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More from @BonifaceOption

3 Mar
The fact I can find multiple illustrated versions of The Illiad that look like this but the “best” illustrated Bibles are barely any better than Precious Moments has far more explanatory power regarding contemporary Christianity than anything I can articulate.
What exactly *would* an artist’s rendition of Abimelech’s head getting crushed by a millstone look like?
Read 4 tweets
12 Jan
I say this without a shred of hyperbole: nearly all the problems of contemporary Christendom can be traced back to a defective view of worship.

Even most of the best churches, that otherwise seriously believe the Bible, don't pay attention to what it says about worship.
What the contemporary church believes worship is for:

TEDtalks w/Bible verses
Theology lectures
Impressive rock concerts
What the Bible says worship is for:

God's people gathering before His presence
God renewing His covenant relationship with His people
God's people receiving grace from Him
God's people responding with praise
God's people returning a portion of the grace He has given
Read 13 tweets
11 Jan
The problem with pastoral ministry is that it often selects for men who are both not very good leaders and conflict averse.
What I mean is:

Start out with early-20-something men who have an interest in theological studies.

That already is a very narrow pool, and already the overwhelming majority of them would be described as “bookish” if we are being unbelievably charitable.

Load them down with tens of thousands of dollars of debt for skills and a degree that limit their career prospects to a singular vocation and almost literally nothing else.
Read 5 tweets
9 Jan
I preached last Sunday about going the extra mile (which is about foreign occupiers humiliating you).

I said we do not know what it is like to live under occupation.

Well, you had now better start getting used to it.

Jesus's command is very applicable to our situation.
We want to remove our enemies by force. Sometimes there is a time for that.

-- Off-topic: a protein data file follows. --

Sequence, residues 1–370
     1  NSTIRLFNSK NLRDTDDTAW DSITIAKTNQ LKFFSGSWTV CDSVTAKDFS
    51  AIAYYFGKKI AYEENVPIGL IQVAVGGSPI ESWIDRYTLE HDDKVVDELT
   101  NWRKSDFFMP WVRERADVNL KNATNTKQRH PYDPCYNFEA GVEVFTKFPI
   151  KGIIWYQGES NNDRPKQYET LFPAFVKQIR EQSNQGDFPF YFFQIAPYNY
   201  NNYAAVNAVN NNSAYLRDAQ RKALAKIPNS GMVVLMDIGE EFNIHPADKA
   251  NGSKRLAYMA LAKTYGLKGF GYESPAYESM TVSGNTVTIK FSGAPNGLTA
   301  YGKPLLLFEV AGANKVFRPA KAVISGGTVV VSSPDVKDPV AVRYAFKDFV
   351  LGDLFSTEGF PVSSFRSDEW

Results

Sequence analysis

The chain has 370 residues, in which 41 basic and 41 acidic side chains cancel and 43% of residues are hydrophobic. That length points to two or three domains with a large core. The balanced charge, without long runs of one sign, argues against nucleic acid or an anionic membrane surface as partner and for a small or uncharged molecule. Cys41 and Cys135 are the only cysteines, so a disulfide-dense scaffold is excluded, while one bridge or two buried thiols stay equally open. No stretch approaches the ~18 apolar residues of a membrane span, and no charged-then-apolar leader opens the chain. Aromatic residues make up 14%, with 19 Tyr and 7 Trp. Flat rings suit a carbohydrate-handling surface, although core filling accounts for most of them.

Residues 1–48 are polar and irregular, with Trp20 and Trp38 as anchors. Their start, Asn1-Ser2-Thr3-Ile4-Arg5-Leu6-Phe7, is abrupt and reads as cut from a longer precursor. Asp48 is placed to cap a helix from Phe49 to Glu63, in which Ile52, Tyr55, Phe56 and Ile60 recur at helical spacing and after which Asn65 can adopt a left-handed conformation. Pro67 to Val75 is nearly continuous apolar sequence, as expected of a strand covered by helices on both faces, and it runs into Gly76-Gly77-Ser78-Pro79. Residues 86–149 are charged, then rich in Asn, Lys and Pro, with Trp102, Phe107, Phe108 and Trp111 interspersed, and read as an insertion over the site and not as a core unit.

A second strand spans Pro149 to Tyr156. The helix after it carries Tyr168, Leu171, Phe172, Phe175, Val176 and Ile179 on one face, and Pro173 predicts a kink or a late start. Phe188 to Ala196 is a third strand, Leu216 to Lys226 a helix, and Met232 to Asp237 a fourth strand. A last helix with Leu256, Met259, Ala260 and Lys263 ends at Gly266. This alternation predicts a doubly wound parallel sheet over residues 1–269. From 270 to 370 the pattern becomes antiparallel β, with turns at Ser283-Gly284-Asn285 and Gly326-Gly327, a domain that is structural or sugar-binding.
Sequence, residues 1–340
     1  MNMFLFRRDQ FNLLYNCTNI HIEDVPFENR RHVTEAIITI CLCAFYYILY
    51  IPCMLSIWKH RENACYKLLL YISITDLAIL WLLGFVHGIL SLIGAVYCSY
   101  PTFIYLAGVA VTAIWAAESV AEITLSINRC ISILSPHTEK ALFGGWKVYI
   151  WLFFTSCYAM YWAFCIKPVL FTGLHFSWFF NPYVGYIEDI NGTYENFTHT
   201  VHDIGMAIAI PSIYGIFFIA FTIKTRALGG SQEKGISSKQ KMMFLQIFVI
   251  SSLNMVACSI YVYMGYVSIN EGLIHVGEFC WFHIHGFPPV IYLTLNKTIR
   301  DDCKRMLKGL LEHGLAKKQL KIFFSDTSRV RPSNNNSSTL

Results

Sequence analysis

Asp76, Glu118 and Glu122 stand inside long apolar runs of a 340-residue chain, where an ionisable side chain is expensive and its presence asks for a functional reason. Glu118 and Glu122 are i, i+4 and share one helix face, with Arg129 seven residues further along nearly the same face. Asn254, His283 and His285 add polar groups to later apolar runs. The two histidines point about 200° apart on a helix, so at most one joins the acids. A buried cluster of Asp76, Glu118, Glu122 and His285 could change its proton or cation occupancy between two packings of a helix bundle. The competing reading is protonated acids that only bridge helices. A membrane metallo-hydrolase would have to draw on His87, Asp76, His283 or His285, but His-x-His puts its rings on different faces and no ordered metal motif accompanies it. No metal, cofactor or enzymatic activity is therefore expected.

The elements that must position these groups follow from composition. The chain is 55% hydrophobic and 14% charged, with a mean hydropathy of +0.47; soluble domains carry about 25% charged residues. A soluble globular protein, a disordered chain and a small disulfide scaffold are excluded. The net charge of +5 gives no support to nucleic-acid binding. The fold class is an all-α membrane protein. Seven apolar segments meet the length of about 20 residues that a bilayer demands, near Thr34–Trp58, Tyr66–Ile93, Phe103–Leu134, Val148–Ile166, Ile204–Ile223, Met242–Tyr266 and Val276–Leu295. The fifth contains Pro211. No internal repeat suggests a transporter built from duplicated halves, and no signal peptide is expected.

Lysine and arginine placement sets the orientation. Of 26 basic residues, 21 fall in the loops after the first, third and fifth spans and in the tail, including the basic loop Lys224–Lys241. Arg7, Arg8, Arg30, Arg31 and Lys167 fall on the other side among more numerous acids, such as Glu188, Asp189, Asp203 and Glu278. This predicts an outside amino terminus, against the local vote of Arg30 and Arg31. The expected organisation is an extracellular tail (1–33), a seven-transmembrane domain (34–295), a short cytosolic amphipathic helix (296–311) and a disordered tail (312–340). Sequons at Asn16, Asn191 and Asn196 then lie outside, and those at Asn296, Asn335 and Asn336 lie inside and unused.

But you saw how well that worked out on Wednesday.

Our battles are fought by different means but they are no less battles.
My main point was that Jesus was expressly *not* commanding pacifism.

He is the Word-Made-Flesh, including "A time to kill…" (Ecc. 3:3) made flesh.

Our battle now is to bear the humiliation that is coming for us, that our enemies deserve.
Read 4 tweets
2 Dec 20
lol nearly every instance of newsworthy “racism” is either totally made up by the “victim” (Smollett, Alethia Bernstein) or a misunderstanding brought on by those pathologized by antiracism into being terrified of things like garage door pulls and overhead projector covers.
Meanwhile, antiracists burned down billions of dollars worth of cities and attacked and murdered people because a man overdosed on fentanyl in police custody and a female drug dealer got in a shootout with police.
Even more ironically is we are chastised by Evangelilibs for believing “conspiracy theories” like elite child sex abuse or an election we witnessed get stolen in real time, “because God cares about truth,” but they won’t bother to challenge the shaky Floyd or Taylor narratives 🤔
Read 4 tweets
2 Dec 20
An excellent article by @SolomonsaysN. I respect both him and @douglaswils immensely. The question is what if Trump crosses the Rubicon? What if the legislatures fail to grant him the electors that were stolen from him & he takes what is his by force?

He is an animal backed into a corner. They have already telegraphed they will dismantle his financial holdings & will try to put him & his family in prison for challenging the global liberal capital empire. What if he calls his 70M very enthusiastic supporters to arms?
It is not without precedent, as Mark points out in his article. History is replete with rulers taking power by force. Would it be a sin to support a ruler and even fight for him taking what is rightfully his extrajudicially?
Read 4 tweets